March 9 (Reuters) - A key source of short-term loans for banks and Wall Street may be cheaper if they are done through central counterparties instead of directly between themselves or with investors, a U.S. financial research agency said on Thursday.
Banks and security dealers borrow from the $2.2 trillion repurchase agreement (repo) market where they pledge a security, typically a Treasury bond, as collateral and agree to buy it back at a set time and price.
During the global credit crisis, the repo market was roiled when investors refrained from making loans to banks and dealers. Regulators tightened rules in response to the crisis but they hurt liquidity and raised the cost of using repos, the Office of Financial Research said in a research note published on Thursday.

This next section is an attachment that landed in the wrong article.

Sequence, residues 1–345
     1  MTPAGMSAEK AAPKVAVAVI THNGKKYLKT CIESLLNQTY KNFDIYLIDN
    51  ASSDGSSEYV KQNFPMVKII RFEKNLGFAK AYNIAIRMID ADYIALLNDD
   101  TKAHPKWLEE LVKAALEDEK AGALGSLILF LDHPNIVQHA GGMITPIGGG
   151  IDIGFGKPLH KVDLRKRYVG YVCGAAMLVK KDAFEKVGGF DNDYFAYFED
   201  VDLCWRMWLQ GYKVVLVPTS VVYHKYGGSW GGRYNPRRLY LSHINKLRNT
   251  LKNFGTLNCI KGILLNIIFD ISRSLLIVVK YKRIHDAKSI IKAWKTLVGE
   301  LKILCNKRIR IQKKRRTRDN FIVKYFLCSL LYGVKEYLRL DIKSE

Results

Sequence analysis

One method of lowering repo costs would be to increase the use of central counterparties (CCPs) which assume the credit risk of bilateral transactions. They act as buyers to all sellers and sellers to all buyers, according to the research paper.
“CCPs for dealer-to-nondealer repos may be attractive to dealers if netting results in smaller balance sheets and cost savings,” the agency’s analysts Viktoria Baklanova, Ocean Dalton and Stathis Tompaidis wrote in the research paper.
Netting involves the offset of buying and selling of similar securities between two or more trading participants.
Reporting by Richard Leong; Editing by Chizu Nomiyama